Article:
I am doing an academic research regarding professional communities and I want to validate the outcomes of using motivational factors and one of them is the usage of contests like the iPad contest.

How can I obtain access to such information?

Here are some of the things I'm trying to find answers to (you don't need to answer them)

  • Is motivation lost after contest? Does it modify the overall trend and if it does in which way?
  • To which extend is the quality of the contributions affected by the contest? Do we start getting "spam"?
  • Can we do a cost-benefit analysis on motivational contest? If so how? While computing the cost would be easy, how can we count the results in money?
  • What percent of the increased traffic is from new audience? While it’s obvious that motivating people to share it will increase the overall site visibility. It would be interesting to see if there is a link between the increase in traffic and the creation of new accounts. This would help up identify if the „quality“ of the new audience, as the increase in traffic is not a target.


  • visits/week
  • new questions/week
  • new answers/week
  • new accounts/week

Note: at this moment I consider the week as optimum, as it should minimise the seasonality and still be small enough to deal with changes due to different events (like a contest).

  • Can you add more detail about what sort of statistics you are looking to find? Things like answer rates before/during/after the contest etc?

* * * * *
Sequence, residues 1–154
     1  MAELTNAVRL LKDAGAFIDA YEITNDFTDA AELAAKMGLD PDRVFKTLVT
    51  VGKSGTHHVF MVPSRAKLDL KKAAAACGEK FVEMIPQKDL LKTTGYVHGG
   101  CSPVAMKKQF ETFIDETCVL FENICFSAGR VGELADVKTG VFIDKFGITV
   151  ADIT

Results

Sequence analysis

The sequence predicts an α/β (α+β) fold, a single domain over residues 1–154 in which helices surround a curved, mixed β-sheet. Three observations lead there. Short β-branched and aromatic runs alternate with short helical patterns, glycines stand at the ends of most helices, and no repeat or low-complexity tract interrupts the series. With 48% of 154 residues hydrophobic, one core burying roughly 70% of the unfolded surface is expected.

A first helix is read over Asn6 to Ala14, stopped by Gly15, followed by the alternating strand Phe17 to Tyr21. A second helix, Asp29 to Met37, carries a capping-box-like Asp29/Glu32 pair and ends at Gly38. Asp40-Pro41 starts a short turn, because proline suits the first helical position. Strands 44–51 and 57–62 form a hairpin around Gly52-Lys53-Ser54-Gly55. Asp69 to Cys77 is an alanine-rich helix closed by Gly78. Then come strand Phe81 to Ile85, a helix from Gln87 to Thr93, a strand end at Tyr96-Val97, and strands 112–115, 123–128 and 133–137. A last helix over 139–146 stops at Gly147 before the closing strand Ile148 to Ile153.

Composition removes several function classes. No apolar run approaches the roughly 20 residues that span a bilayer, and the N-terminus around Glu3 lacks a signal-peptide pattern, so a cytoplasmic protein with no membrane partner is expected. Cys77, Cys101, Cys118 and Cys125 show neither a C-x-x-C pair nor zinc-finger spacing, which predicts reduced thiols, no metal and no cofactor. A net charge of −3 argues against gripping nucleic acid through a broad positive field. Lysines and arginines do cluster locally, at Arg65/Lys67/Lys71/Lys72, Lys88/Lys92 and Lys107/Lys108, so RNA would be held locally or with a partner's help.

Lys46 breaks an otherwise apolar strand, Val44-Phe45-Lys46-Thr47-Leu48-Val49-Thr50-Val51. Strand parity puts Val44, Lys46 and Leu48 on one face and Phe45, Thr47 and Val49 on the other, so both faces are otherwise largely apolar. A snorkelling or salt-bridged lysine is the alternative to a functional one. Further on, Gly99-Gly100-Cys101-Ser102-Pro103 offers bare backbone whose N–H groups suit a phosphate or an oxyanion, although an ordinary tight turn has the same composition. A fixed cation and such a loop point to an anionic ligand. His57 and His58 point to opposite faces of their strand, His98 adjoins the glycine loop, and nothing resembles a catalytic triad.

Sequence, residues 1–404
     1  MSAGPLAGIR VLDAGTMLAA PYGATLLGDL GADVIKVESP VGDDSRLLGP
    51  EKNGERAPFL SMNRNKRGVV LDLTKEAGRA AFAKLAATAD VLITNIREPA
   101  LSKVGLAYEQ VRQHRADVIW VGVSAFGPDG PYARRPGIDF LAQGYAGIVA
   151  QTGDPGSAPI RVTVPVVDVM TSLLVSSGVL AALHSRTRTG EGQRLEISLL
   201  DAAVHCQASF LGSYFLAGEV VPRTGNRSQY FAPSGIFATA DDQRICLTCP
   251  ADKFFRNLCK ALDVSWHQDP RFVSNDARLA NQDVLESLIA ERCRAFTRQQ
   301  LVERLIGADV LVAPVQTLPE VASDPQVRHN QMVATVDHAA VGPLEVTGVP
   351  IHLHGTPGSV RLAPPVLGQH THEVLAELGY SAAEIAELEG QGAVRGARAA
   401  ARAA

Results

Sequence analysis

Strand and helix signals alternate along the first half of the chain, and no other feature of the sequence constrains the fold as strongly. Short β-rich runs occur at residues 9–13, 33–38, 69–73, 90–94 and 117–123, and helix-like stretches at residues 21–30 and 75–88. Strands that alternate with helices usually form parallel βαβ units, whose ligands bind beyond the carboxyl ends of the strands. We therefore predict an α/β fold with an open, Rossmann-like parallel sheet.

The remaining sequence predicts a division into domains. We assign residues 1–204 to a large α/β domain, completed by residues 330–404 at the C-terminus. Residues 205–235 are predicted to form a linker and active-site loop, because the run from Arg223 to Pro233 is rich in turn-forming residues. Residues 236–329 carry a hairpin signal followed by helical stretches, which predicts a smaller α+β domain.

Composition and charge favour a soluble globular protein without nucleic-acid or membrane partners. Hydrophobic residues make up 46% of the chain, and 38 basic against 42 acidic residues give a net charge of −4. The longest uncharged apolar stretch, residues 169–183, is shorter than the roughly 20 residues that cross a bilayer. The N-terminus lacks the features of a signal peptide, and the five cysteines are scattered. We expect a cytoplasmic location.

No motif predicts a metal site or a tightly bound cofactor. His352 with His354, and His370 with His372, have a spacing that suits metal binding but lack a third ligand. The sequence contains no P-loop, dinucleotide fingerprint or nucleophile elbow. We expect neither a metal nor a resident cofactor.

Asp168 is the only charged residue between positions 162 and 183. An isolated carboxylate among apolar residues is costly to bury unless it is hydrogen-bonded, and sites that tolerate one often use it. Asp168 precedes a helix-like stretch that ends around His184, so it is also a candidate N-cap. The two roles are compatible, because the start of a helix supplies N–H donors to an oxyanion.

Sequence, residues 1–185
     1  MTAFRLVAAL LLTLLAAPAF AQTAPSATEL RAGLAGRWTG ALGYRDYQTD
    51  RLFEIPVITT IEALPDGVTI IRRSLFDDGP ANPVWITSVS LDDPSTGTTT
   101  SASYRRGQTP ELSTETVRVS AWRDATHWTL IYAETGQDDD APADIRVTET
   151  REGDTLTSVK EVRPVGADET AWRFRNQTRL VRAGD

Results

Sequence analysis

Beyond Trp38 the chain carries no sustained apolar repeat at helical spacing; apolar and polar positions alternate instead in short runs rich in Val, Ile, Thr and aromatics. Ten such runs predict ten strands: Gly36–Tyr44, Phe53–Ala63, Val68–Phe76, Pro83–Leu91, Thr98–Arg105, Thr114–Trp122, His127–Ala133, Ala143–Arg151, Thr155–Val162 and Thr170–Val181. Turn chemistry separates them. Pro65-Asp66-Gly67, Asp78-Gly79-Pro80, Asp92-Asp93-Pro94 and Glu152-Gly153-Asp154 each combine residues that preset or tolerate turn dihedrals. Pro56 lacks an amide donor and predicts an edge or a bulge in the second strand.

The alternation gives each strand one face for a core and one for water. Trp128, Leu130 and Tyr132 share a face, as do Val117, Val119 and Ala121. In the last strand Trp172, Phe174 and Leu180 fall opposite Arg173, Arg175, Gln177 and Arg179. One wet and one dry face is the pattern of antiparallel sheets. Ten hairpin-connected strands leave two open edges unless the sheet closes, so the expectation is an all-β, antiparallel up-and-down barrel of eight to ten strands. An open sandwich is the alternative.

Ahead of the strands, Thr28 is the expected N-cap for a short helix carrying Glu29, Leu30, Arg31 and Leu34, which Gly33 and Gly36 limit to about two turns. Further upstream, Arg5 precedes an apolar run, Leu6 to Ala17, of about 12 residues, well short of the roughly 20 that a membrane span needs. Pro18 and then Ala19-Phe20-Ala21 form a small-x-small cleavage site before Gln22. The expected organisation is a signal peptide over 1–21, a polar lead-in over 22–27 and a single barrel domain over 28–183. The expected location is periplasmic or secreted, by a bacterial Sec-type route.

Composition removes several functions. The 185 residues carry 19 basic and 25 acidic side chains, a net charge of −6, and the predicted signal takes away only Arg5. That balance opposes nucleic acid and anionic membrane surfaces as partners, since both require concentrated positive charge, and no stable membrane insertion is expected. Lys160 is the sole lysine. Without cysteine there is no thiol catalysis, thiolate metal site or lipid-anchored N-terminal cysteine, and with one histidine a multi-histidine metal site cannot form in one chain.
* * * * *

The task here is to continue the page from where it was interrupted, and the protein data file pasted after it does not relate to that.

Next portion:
– stuffe
    Commented Apr 11, 2012 at 15:51
  • Yep, things like this, but I will compute a detailed list and update the answer.
    – sorin
    Commented Apr 11, 2012 at 15:53

1 Answer 1


The stack exchange employees do track many aspects of site traffic, statistics and usage, but do not make details as granular as you specify public. They do occasionally blog aggregate data from time to time on other sites (but I don't recall one addressing Ask Different directly.)

The best thing I can think of is for you to look at the public data that is made available and see if your research can make use of it. The public quantcast data about this site might be a good place to start.

There is a contact us link at the bottom of each site, so it might be worth shooting off an email to the owners in case they are entertaining requests for access to some manner of data.

I hope this helps you even though it's not anything you can use today for research.

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